Q & A with Arthur Lupia, NSF Assistant Director, on Challenges and Directions for SBE

October 30, 2018

Just after Labor Day, Arthur (Skip) Lupia, joined the National Science Foundation (NSF) as an Assistant Director and Director for the Social, Behavioral, and Economic (SBE) Sciences Directorate. We asked him about the challenges the Directorate has faced and his vision for SBE.

  1. What are your priorities for the SBE Directorate in the upcoming year? 

Thank you for asking. In many ways, it has never been a better time to be a social and behavioral scientist. When you consider the range of data that we are collecting, the increasing diversity of our scholars and methods, and the increasing influence of our work in so many facets of life, the public value is incredible. At the same time, we live in an era where the validity and value of science and other forms of expertise are increasingly questioned.

With this moment in mind, our priority is to find every opportunity to increase the public value of basic research in the SBE sciences. These opportunities include communicating existing findings more effectively. They also include using and developing research methods that are best suited to producing transformative findings.

Moreover, since NSF’s mission is “to promote the progress of science; to advance the national health, prosperity, and welfare; and to secure the national defense; and for other purposes,” we have an obligation to engage societal stakeholders to make sure that our work rigorously and effectively aligns with this mission.

  1. In your opinion, what are the main challenges in communicating the value of SBE-supported research to federal policymakers?

The main challenge is that very few of us were trained to communicate effectively. Instead, we were trained in academic advancement ecosystems where publishing in academic journals and obtaining external grant support are high value goals. Achieving these goals requires a particular skill set. When it comes to communication, one particularly valuable skill is learning the technical language that allows us to learn from and produce precise, innovative, and groundbreaking work. Very few of us were taught or encouraged to communicate with broader audiences. In some disciplines, moreover, seeking broader audiences was looked down upon or labelled as “selling out.” So, until recently, there were few incentives for scientists to communicate effectively with non-specialists.

For scientists who want to communicate more broadly, the next challenge is to think about the kinds of information that your audiences can hear. Even in the most favorable communicative circumstances, attention is hard to get.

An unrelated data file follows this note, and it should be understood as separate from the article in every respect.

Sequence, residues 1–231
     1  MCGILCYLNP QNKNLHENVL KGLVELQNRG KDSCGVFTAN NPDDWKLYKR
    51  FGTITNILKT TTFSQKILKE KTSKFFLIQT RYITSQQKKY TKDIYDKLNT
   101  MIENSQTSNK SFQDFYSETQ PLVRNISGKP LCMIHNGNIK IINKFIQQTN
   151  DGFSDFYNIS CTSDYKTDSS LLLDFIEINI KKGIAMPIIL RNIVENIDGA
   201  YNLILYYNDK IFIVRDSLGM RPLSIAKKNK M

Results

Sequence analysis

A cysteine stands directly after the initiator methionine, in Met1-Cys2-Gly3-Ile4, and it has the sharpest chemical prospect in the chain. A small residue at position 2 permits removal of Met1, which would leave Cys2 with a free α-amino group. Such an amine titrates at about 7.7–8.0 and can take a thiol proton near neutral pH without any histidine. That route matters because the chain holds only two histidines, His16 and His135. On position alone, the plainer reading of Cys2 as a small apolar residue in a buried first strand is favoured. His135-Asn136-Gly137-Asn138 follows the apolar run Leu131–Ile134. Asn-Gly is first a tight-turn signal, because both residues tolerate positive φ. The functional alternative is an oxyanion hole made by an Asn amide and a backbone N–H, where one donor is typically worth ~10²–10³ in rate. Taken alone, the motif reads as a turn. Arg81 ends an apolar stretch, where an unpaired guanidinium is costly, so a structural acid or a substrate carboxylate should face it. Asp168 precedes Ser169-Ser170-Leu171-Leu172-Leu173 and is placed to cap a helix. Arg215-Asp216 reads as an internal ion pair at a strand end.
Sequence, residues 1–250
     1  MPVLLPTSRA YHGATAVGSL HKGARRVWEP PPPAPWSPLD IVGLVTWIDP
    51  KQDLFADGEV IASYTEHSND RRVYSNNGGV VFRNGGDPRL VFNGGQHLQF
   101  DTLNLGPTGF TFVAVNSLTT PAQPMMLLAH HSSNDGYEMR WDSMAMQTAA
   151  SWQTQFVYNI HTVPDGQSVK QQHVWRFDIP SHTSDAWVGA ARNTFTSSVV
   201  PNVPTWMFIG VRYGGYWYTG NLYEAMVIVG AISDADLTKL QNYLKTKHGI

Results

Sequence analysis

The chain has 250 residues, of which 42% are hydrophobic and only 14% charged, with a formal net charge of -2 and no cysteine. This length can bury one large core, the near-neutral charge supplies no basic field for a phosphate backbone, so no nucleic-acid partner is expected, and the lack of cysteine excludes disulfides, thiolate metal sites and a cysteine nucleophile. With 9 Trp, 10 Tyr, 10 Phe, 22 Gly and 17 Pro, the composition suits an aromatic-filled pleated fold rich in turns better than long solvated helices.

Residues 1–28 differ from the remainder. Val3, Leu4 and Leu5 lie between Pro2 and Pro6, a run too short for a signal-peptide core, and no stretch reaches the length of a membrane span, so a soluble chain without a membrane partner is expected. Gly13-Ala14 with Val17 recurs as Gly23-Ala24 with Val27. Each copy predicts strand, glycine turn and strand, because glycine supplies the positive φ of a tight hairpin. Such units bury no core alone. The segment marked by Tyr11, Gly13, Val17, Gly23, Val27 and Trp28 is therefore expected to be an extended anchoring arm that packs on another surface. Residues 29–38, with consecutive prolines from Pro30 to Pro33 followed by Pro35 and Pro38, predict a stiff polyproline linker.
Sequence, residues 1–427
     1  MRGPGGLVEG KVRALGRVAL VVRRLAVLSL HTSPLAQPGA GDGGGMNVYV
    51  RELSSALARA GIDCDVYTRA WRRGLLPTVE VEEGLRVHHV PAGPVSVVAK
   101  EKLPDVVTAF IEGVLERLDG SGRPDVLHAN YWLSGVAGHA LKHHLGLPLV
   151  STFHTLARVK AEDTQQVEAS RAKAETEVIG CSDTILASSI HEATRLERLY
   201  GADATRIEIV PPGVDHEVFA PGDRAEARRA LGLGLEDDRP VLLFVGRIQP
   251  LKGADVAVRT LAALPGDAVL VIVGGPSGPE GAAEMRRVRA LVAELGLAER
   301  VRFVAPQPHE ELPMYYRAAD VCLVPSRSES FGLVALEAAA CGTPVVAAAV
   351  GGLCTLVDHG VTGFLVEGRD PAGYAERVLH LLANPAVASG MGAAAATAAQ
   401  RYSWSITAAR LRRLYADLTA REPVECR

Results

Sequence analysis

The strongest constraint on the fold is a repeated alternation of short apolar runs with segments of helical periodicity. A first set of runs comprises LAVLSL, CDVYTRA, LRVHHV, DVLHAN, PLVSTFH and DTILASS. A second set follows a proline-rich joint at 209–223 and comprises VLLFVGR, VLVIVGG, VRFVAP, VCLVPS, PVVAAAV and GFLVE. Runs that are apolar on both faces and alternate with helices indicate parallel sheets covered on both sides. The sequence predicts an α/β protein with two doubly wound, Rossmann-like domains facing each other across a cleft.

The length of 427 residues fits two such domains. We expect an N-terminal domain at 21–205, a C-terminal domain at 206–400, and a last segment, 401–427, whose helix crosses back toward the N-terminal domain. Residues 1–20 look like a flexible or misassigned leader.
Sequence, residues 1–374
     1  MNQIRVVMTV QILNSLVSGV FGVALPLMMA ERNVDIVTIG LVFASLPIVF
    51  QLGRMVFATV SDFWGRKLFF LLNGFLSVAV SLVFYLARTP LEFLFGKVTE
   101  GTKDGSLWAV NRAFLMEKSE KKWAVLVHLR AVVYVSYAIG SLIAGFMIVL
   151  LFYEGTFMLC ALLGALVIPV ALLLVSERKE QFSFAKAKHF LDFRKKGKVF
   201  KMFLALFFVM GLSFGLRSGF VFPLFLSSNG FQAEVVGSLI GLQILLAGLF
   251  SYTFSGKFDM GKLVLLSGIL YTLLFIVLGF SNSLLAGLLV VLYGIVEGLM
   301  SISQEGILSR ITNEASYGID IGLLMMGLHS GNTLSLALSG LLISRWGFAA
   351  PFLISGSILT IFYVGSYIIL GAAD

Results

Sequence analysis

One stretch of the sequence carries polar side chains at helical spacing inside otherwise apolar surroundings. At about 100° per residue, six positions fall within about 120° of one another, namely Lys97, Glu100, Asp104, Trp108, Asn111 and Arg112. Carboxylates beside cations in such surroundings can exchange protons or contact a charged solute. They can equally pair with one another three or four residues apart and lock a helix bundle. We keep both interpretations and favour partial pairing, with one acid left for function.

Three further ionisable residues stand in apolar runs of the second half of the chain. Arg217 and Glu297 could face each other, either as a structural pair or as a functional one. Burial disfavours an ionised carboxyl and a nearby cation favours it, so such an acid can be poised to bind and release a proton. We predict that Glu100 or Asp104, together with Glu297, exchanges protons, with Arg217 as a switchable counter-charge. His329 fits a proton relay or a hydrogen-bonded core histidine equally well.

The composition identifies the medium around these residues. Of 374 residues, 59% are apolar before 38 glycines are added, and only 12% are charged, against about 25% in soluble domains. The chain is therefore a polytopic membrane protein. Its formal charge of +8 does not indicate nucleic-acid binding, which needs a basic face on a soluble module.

Policymakers have special needs. Nearly all of the policymakers I have met are incredibly hardworking people who are seeking to improve quality of life for others. They are very busy. So, the key to communicating effectively is to think about the kinds of information that will help them with their jobs. If you offer information that they can use quickly and share with others, they are more likely to want more content and contact.

  1. What, if any, steps can scientists take to help increase understanding of the value of federal funding for SBE and NSF?

It is critically important for us to tell the story of federal funding in ways that connect with the core concerns of the audience in front of us. So, while NSF funds basic research, the communicative bridges that we need to build start somewhere else — often with iconic humanscale narratives about basic research that produces transformative innovations. We need this strategy because many people are not inherently interested in basic research. When we convey memorable stories about how this research has improved their quality of life, previously uninterested audiences have new bases for building new memories that will help them remember our value.

This is not to say that all scientists need to do this. We desperately need the specialists, the precision, the abstractions, the complexity, and the very large intellectual risks that are the hallmarks of transformative science. At the same time, if none of us tell our story well, then someone else in the pop culture/breaking news universe will tell it for us – and we are probably not going to like their version of our story quite so much.

  1. What are some emerging trends and/or priorities at NSF that you see as an opportunity for SBE-supported sciences to play an important role in?

At NSF, we are always looking for new ways to advance the mission. Right now, a big focus is NSF’s “Ten Big Ideas.” The Big Ideas reveal strategic focuses that can help science improve human health, security, prosperity, and understanding. Many of the big ideas are interdisciplinary and cross disciplinary. SBE scientists might be particularly interested in Big Ideas such as “Future of Work” and “Harnessing the Data Revolution.” People who are interested in creating novel interdisciplinary approaches to important problems can participate in “Growing Convergent Research” and SBE scholars interested in broadening participation can participate in “NSF Includes.”

I believe that SBE research is of great value to the nation. I also believe that the best is yet to come. We can only fund great research proposals if we receive them. If you know scholars who are unsure about how to approach NSF, have them contact one of our Program Officers. These folks are really dedicated and can offer valuable advice that can help scholars turn potentially interesting ideas into transformative discoveries.

FABBS, thank you for asking me these questions, and thank you for all that you do for science.

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